It’s fair to say the 996 Porsche 911 is having a bit of a moment right now. From official Porsche Classic one-offs to Instagram accounts reclaiming the fried-egg moniker, people are coming around to Porsche’s late-’90s and early aughts 911 due to its blend of relative affordability, an analog driving experience, and modern creature comforts. Now, companies are building turn-key Safari kits for 996s, boosting ride height and capability while retaining the 911’s signature rear weight bias and sports-car dynamics.
Kalmar Automotive recently introduced the 996-based RS-6 as the first water-cooled model in its “Adventure Range.” The Denmark-based company is no stranger to off-road Porsche conversions, having built 964- and 993-based cars in the past. According to its website, Kalmar can also outfit your first-generation Cayman or second-gen Cayenne for rally duty.
Starting with a customer-supplied 996 in rear- or all-wheel drive, Kalmar increases ground clearance by over three inches to a total of 8.25, equaling that of a Cayenne and outdoing Porsche’s own 911 Dakar by three-quarters of an inch even in its full-height mode. Adaptive, electronically-controlled shock absorbers are also available, as is a hydraulic lift that raises ground clearance by nearly another two inches.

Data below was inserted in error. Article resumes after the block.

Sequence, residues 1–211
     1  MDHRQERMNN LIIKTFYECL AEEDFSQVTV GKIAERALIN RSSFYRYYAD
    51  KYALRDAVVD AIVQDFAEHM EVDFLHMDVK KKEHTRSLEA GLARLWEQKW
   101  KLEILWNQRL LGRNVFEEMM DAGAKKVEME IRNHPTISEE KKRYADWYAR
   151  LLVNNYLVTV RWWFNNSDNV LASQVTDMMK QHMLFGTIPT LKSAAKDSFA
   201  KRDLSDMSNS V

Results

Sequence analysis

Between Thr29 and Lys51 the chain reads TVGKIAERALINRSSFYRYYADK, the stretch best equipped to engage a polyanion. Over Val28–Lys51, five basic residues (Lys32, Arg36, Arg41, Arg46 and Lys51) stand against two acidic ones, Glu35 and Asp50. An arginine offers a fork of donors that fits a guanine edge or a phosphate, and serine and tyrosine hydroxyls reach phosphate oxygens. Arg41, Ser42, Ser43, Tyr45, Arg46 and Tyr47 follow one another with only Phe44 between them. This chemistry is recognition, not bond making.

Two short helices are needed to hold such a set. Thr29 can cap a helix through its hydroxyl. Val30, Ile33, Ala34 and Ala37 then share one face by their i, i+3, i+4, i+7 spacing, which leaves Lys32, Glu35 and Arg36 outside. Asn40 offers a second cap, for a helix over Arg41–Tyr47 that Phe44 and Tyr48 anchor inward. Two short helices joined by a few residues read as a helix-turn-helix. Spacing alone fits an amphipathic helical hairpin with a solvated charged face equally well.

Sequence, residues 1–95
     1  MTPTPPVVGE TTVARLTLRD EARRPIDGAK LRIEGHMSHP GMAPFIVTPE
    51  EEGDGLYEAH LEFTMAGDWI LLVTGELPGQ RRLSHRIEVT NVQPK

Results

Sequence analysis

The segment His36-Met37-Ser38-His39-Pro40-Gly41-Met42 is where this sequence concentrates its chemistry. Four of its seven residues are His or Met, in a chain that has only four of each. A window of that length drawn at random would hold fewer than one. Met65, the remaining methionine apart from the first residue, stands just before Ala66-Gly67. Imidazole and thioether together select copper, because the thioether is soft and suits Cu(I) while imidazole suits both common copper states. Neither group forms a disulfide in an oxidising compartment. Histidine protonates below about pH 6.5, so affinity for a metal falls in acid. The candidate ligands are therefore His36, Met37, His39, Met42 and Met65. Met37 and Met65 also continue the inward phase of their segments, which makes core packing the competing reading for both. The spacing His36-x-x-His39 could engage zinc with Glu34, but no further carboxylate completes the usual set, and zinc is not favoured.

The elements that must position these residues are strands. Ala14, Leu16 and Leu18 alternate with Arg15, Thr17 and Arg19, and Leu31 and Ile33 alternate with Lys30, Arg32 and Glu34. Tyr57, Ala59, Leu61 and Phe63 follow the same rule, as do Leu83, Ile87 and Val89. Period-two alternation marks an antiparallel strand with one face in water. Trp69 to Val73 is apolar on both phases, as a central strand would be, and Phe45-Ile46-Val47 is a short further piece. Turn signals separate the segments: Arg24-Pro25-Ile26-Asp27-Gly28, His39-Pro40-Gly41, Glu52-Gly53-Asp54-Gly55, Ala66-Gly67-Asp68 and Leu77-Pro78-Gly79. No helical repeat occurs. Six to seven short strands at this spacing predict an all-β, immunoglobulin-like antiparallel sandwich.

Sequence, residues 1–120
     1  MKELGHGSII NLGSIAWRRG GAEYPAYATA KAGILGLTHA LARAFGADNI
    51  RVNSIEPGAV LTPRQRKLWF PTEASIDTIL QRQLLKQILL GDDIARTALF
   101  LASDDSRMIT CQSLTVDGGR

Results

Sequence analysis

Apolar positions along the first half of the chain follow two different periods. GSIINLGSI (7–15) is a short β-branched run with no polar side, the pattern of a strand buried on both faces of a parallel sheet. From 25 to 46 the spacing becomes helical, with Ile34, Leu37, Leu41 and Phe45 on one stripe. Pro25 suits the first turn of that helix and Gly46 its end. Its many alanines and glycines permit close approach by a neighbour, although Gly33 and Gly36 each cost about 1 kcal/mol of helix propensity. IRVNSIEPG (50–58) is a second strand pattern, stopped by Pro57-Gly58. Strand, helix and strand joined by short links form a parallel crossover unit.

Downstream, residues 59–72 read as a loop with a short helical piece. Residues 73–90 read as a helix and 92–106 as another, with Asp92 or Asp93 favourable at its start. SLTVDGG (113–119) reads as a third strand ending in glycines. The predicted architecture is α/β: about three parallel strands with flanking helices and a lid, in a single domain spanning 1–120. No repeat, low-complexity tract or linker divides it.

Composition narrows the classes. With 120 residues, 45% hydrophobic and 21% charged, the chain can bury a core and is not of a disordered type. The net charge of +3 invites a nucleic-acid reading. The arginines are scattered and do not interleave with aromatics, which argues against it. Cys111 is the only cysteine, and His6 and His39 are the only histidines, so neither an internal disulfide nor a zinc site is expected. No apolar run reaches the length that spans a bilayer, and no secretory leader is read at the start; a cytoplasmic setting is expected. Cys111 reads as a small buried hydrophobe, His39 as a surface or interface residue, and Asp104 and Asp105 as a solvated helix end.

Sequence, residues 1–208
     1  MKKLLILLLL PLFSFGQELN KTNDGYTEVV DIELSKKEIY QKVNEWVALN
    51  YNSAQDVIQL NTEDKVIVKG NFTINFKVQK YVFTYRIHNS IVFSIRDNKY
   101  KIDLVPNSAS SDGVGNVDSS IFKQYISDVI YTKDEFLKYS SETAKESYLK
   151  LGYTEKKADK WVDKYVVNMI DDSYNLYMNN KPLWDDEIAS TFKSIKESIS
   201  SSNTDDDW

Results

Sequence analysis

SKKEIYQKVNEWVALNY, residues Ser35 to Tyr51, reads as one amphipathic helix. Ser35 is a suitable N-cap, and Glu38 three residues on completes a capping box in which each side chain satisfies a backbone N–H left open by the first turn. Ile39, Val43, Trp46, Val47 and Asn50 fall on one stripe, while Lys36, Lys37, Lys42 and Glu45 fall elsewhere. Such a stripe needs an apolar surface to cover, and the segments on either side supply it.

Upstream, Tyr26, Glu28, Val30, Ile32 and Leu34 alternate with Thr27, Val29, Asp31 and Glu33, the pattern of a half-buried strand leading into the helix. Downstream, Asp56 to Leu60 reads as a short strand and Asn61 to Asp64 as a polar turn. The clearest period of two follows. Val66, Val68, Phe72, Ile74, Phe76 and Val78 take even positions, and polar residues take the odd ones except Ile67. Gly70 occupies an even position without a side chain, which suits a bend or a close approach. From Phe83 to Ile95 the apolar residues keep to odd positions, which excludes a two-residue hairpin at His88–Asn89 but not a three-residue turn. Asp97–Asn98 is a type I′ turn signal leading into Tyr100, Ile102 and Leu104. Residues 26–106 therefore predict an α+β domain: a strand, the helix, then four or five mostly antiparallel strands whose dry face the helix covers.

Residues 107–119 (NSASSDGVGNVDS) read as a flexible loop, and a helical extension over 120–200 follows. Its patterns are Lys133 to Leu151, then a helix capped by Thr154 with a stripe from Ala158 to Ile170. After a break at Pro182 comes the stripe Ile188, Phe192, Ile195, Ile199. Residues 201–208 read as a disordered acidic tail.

But this isn’t just a lift kit. Kalmar also fits a custom limited-slip differential and upgraded driveshafts for putting the power to the wheels and a stiffer strut brace to better manage lateral and vertical loads, along with special top mounts and bushings designed to cope with the stresses of off-roading. Lightweight, narrow wheels are paired with taller all-terrain or spiked winter tires, and Kalmar claims “complete underbody protection” with additional shielding for critical front-mounted cooling systems. Customers interested in off-the-grid travel can also opt for a rear-mounted rack with fuel cans and a spare tire.
Inside, Kalmar adds a rear roll cage and Recaro buckets for safety, but otherwise focuses on weight reduction with the removal of “all sound deadening materials, audio and other comfort items.” Guess you’ll be listening to gravel pelting the wheel wells and the flat-six engine—I’ve heard worse.
The company claims it chose the 996 platform because of access to “plentiful and more affordable donor cars,” which is another way of saying air-cooled prices are too damn high. In addition to providing their car, buyers will fork over at least €45,000 ($49,000) and expect to wait around six months while their car is built. That’s not cheap, but it’s a far cry from the 911 Dakar’s $223,650 base price tag before dealer markups.
Now, Kalmar isn’t the first outfit to Safari a 996—that’s the SafariProjek guys out of South Africa. The ambitious Captain Crankshaft duo also built their own on a budget this summer and documented the adventure on YouTube, which is worth a watch. But there’s something about this early narrowbody car with the runny-yolk lights in a rally livery that just works. It almost looks like it was meant to be.
I won’t be cutting up my own early 996 anytime soon, mostly because I’m indecisive and don’t have $50,000 to spare. But I like the idea of the platform being used as an accessible entry point for all kinds of wild builds. Let’s keep it weird, 996 fans.
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